What is degloving?
Degloving, also called avulsion, is a type of severe injury that happens when the top layers of your skin and tissue are ripped from the underlying muscle, connective tissue, or bone. It can affect any body part, but it’s more common in the legs. Degloving injuries are often life-threatening. This is because they involve large amounts of blood loss and tissue death.
Keep reading to learn more about this type of injury and how it’s treated.
There are two main types of degloving. They’re known as open degloving and closed degloving.
When your skin and tissue is ripped away — exposing muscle, bone, or connective tissue — it’s known as open degloving. In some cases, the skin might still be partially attached as a flap near the wound.
Open degloving injuries are usually caused by:
- traffic accidents
- accidents with industrial or farm equipment
- falls from heights
- sports injuries
- animal bites
The most common areas for open degloving injuries are the:
However, they can affect any body part, including the fingers, arms, or feet.
Open degloving injuries are serious. They require emergency care to reduce blood loss and prevent infection.
Closed degloving injuries aren’t always visible. This makes them harder for doctors to diagnose. In some cases, they can cause a bruise, but this is usually the only visible symptom. A
Many closed degloving injuries involve a force that separates the top layer of skin and tissue from deeper tissues, leaving a space under the skin. These spaces are known as Morel-Lavallée lesions. The lesions can fill with lymph fluid, blood, and fat.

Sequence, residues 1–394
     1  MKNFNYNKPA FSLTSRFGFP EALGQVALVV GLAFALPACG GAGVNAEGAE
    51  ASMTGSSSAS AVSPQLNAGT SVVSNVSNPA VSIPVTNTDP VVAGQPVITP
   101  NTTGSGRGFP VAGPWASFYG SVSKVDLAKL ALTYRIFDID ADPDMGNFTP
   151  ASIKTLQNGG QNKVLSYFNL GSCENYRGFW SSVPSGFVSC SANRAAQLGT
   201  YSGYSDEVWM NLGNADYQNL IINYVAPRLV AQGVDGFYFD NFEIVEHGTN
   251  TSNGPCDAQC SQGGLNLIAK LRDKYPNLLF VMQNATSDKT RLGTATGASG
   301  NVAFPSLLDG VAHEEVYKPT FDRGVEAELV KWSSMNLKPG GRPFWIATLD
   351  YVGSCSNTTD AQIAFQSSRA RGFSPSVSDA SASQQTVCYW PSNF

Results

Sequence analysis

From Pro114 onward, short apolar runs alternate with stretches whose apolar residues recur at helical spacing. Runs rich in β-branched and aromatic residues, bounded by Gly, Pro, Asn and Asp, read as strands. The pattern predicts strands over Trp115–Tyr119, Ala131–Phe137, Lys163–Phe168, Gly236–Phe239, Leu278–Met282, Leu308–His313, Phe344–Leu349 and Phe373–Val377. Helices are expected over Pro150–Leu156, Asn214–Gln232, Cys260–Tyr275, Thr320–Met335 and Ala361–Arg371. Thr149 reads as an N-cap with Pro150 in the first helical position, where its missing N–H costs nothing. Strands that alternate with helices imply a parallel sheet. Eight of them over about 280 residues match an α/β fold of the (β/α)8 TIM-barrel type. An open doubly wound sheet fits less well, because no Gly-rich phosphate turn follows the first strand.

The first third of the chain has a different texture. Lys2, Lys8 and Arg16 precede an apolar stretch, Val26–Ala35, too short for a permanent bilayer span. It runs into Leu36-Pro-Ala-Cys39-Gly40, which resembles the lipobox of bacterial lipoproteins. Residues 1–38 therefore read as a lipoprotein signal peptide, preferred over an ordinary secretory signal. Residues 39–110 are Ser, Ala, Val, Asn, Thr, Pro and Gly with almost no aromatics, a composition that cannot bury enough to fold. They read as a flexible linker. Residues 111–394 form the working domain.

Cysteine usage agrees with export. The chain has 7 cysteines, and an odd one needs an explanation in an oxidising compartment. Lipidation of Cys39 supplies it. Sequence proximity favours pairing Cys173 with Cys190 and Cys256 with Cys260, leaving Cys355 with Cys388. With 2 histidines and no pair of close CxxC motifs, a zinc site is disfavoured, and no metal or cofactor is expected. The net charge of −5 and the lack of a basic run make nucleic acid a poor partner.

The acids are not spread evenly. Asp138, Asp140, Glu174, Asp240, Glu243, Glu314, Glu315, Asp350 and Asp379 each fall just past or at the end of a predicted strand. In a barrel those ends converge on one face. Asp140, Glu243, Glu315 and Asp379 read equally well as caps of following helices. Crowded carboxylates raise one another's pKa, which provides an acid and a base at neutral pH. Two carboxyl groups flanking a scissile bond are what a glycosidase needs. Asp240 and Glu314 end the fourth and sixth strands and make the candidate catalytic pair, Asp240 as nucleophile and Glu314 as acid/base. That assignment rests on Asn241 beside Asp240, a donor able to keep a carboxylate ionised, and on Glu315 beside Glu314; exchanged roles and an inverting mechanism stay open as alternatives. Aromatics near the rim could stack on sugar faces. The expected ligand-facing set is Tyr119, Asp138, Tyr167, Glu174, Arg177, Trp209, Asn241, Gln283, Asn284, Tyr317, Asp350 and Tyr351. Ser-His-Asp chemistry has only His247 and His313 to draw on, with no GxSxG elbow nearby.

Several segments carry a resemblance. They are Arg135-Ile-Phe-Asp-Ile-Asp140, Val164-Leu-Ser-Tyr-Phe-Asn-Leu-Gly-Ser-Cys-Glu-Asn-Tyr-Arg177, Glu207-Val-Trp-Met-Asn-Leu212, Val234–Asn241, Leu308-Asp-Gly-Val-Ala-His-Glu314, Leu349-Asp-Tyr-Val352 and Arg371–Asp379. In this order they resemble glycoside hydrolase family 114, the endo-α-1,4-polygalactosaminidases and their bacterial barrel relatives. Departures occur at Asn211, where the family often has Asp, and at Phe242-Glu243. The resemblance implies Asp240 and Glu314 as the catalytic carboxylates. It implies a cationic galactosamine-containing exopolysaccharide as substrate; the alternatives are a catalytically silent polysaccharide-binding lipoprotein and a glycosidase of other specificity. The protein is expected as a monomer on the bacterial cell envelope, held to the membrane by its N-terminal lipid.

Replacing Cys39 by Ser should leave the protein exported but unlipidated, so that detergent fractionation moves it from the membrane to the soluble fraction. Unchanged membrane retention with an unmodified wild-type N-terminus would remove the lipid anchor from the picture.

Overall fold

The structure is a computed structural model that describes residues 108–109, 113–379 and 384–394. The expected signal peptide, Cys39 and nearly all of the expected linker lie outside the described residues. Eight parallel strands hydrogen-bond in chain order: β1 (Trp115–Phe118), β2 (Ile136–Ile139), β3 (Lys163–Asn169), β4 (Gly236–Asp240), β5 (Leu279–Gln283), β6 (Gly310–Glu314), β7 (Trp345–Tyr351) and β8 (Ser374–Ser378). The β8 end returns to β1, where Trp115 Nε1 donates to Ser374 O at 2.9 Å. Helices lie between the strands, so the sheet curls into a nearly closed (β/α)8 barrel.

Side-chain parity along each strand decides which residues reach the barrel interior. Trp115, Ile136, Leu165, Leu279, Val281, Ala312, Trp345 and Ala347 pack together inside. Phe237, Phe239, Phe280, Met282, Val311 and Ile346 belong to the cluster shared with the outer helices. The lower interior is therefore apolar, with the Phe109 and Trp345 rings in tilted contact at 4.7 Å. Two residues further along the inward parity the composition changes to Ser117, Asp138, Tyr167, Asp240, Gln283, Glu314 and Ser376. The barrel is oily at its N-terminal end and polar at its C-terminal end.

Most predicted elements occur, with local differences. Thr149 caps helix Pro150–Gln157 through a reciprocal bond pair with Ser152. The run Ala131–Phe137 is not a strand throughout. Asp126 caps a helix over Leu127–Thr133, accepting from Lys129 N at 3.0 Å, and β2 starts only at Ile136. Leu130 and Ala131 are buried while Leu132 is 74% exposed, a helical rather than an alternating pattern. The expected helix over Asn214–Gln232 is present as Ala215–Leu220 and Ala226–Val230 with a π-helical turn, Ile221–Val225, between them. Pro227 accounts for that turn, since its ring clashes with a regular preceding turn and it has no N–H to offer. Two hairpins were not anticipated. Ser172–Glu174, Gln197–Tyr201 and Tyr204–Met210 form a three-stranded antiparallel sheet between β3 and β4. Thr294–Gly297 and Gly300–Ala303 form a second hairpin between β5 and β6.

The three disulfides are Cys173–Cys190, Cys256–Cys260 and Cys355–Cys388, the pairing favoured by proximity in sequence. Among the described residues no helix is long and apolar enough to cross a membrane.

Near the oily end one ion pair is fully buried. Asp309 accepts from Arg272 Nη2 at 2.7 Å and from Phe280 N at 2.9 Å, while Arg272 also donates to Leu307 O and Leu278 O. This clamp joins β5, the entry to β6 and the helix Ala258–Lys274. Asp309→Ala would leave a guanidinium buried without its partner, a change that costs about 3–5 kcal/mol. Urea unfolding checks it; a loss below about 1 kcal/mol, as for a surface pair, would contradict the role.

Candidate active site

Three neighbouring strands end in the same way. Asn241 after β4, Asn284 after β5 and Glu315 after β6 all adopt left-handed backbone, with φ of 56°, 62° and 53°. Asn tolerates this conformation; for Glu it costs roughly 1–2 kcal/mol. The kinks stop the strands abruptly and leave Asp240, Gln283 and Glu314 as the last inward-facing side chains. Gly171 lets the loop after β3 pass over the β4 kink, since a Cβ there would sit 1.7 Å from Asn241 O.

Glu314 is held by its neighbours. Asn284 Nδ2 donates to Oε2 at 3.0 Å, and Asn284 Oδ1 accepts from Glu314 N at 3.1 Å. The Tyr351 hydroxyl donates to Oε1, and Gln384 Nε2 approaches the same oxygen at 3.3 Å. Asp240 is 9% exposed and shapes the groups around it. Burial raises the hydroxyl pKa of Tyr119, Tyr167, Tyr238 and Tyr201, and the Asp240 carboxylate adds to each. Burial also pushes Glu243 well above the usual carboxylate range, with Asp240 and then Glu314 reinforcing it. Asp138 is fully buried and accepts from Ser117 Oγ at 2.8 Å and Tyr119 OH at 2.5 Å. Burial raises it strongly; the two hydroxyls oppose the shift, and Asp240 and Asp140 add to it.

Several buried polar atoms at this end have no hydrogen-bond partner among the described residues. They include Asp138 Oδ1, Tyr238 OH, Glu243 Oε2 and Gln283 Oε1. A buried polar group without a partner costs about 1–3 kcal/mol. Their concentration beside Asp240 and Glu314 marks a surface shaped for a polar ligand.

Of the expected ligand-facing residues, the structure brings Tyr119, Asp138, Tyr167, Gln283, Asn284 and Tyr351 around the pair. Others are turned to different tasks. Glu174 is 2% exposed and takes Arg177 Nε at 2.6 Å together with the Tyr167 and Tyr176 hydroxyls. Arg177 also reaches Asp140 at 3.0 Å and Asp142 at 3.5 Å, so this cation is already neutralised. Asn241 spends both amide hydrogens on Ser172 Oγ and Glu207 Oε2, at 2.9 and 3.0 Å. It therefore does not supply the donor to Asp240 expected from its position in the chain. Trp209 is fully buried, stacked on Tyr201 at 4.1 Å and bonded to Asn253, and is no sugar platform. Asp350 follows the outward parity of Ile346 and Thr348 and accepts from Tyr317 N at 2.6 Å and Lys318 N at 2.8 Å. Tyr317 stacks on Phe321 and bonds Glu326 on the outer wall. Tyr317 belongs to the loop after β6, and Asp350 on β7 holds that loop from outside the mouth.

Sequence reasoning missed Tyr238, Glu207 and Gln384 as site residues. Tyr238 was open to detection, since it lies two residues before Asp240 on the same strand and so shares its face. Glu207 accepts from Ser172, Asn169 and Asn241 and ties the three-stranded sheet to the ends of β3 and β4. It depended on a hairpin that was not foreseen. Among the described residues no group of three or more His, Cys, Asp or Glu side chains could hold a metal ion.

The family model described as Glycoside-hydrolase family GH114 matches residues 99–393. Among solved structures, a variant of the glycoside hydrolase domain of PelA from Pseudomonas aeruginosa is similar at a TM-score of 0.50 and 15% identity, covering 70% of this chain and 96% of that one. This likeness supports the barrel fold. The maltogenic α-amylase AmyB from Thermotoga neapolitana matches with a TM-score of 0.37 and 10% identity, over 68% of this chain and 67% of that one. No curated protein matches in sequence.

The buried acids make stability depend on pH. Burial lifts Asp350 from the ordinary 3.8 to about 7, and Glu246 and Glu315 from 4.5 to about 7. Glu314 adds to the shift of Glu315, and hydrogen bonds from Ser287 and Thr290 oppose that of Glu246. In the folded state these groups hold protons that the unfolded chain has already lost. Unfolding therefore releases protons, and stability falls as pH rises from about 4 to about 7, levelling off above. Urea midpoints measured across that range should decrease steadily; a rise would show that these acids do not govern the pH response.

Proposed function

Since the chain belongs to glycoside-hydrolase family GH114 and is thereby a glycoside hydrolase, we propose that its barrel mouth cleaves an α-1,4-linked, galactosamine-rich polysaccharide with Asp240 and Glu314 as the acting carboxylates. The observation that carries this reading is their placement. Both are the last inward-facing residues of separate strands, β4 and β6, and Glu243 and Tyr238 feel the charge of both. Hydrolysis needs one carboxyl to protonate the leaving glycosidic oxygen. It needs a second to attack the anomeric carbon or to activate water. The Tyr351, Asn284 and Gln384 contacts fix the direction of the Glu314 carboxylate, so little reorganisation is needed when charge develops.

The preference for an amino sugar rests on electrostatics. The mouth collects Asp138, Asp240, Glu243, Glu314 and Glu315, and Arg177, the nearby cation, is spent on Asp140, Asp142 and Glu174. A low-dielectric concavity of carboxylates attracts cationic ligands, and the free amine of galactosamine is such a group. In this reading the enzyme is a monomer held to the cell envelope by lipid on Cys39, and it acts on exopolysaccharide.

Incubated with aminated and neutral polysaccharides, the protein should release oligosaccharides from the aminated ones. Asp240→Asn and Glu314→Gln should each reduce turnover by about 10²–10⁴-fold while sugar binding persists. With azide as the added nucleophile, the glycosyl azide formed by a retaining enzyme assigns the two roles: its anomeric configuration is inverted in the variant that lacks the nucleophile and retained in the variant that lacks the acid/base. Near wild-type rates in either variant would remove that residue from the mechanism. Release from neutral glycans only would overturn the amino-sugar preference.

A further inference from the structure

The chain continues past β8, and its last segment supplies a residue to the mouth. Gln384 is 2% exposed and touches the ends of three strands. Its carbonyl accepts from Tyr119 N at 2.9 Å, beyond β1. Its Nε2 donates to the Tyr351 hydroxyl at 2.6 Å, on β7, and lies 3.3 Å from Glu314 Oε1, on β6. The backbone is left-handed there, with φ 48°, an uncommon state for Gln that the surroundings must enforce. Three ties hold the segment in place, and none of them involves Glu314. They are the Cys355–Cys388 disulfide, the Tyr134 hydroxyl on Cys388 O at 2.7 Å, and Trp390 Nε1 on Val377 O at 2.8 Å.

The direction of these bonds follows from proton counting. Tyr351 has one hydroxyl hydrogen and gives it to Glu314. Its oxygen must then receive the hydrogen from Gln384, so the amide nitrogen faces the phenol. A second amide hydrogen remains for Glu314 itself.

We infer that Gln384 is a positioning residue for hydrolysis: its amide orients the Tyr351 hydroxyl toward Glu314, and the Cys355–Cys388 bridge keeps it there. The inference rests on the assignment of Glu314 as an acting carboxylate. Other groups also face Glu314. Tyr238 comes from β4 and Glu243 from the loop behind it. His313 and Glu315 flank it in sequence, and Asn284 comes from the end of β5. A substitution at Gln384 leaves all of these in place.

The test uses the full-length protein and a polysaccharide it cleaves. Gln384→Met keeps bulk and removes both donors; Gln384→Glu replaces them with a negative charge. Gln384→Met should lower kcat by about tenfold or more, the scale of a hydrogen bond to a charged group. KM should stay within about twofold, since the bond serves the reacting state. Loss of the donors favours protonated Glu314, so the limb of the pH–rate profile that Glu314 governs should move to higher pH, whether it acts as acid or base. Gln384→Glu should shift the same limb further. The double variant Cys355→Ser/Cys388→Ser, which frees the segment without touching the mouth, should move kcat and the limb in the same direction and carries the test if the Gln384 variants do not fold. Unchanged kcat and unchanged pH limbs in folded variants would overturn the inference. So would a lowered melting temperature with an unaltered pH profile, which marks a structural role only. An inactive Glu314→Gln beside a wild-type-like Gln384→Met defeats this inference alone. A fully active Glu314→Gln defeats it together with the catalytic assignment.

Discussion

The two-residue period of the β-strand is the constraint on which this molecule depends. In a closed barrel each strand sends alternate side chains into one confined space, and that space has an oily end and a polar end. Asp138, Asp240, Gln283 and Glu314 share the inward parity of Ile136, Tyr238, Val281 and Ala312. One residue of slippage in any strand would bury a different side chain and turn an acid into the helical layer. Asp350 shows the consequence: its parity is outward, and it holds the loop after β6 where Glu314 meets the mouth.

Despite their different appearance, closed degloving injuries are caused by the same types of accidents that lead to open degloving injuries.
Closed degloving injuries are
- lower spine
- shoulder blades
Most doctors diagnose closed degloving injuries using an MRI scan, which can detect Morel-Lavallée lesions.
Treatment for degloving injuries depends on the type, severity, and location of the injury. They’re also often accompanied by other serious injuries, such as broken bones, that require emergency treatment.
The availability of advanced trauma treatment is also a factor. Not all emergency centers may have the expertise for complex skin repair.
Open degloving injuries
Treating open degloving injuries depends on both the extent of the injury and hospital resources. Not all emergency rooms are equipped to handle complex skin repair. You may need to be transferred to a nearby trauma center for more advanced treatment.
Depending on the amount of skin left and the type of injury, treatment options include:
- reattaching the skin
- skin grafts using skin from other parts of the body
- reattachment of a finger or toe
All of these options usually require multiple surgeries. You may need to stay in the hospital for days or weeks, depending on the injury. You may also need to follow up with physical therapy to regain use of the injured body part.
In some cases, a small degloving injury will only need a thorough cleaning and some bandaging to help it heal.
Treating closed degloving injuries also depends on the extent of the injury. For more minor cases, you may just need a combination of compression bandages, physical therapy, and rest.
For more severe cases, treatment options include:
- draining any built-up fluid from the lesion
- removing dead tissue
- sclerotherapy, which involves injecting blood vessels with medication to make them shrink
Degloving injuries are very serious on their own, but they also carry a big risk of infection since they’re often very deep wounds. To minimize your risk, make sure you seek emergency medical treatment so the wound is thoroughly cleaned. As you recover, make sure to tell you doctor if you have any of the following symptoms:
- red-colored edges surrounding the wound
- swelling of the wound
- oozing around the wound, especially if it’s yellow or smells bad
- body aches
Untreated closed degloving injuries can also lead to severe tissue death.
Degloving injuries are serious and sometimes fatal. Early treatment is key to prevent infections. Treatment usually requires an extended stay at the hospital and several surgeries, followed by several months of physical therapy.